Earthquakes in Ohio

You’re sitting in you living room. Cuddled up on the couch with your dog watching your favorite late night show. You turn to the coffee table to the left of you, pick up your drink, take a sip, and place it back on its coaster where you retrieved it. As you cozy back in place, you sense an unease. You look at the table where your glass is seated and notice the liquid is shaking back and forth. Then, a loud crash like sound hits and dust sprinkles down from above. The unease stops, and you look up to where the dust came from to find a crack in your ceiling. You don’t live by a tectonic plate; you live in the Midwest. How could an earthquake occur here? Well its not an earthquake, rather a mine collapse.
In 2017, a Wadsworth couple experienced a similar occurrence. Their home was cracking at the ceiling, basement floor and walls. Forced to leave her home, Connie Betchel had experienced an abandoned mine shaft—85 feet below the surface—collapse (Jones).

Abandoned mines can be found throughout the state of Ohio. In the height of Ohio’s underground mining in the early 1900s, over 1,110 mines were in operation (Geosurvey).
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(To look in your area, click here)

There are roughly 8,000 mines abandoned in Ohio throughout 41 counties (Crowell). Though the odds of an earthquake sensation—mine subsidence—affects very few people, Ohio has had a history with the problem.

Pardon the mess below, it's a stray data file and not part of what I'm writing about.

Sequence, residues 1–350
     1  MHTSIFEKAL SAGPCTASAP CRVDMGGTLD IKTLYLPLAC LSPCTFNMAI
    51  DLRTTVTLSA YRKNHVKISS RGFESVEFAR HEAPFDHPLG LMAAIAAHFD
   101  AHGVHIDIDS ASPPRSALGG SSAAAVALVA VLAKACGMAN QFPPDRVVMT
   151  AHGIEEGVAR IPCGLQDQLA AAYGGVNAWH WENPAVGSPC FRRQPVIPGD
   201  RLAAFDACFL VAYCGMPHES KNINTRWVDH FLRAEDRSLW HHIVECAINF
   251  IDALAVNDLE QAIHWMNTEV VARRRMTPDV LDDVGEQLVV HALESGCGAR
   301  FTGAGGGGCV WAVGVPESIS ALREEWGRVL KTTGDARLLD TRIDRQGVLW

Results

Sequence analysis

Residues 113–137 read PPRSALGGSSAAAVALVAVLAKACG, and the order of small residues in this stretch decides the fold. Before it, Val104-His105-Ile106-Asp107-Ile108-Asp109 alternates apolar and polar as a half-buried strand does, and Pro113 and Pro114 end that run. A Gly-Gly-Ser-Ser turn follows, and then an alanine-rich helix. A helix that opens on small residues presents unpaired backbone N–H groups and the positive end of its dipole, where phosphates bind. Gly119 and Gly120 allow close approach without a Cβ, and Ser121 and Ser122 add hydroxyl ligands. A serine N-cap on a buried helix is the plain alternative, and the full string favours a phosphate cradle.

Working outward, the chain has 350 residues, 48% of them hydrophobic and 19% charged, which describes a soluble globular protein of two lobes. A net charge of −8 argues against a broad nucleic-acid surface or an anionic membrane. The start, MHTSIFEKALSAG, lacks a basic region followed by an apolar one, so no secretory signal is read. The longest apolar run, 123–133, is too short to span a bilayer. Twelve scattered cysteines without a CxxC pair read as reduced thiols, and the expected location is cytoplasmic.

Subsidence—when it comes to mining –occurs when bedrock and unconsolidated materials collapse into underground mine voids (Geosurvey). Because mine excavations create stress on the surrounding rock, there is an uneven distribution of the tension in turn causing the earthquake like simulation and mine collapse (Fougler).

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(Courtesy of Crowell)

Though it is scary to think about, few people experience a mine subsidence (Crowell). The damage however, can be costly. Interstate 70 experienced the ravages of a mine subsidence in March of 1995. The destruction caused repairs of up to $3.6 million (Crowell). For Connie Betchel, the damage done to her home cost an estimate $200,000(Jones). Though we cannot predict when a mine will collapse, there are preventative measures home owners can take.

In 1985, Ohio established the Ohio Mine Subsidence Insurance Law, requiring mine subsidence coverage for all homeowners’ insurance policies in 26 Ohio counties (Geosurvey). These counties include: Athens, Belmont, Carroll, Columbiana, Coshocton, Gallia, Guernsey, Harrison, Hocking, Holmes, Jackson, Jefferson, Lawrence, Mahoning, Meigs, Monroe, Morgan, Muskingum, Noble, Perry, Scioto, Stark, Trumbull, Tuscarawas, Vinton, and Washington (Crowell).


Crowell, D. (2010). GeoFacts. 12th ed. [ebook] Ohio Department of Natural Resources,
pp.1-2. Retrieved from:

Fougler, G., Wilson, M., Gluyas, J., Julian, B. and Davies, R. (2017). Global review of
human-induced earthquakes. [ebook] Elsevier B.V, pp.1-77. Retrieved from: (2018). AUM Home. [online] Available at:

Jones, B. (2017). Residents forced from their homes in Wadsworth where mine collapse
may have damaged condos. News 5 Cleveland. Retrieved from:

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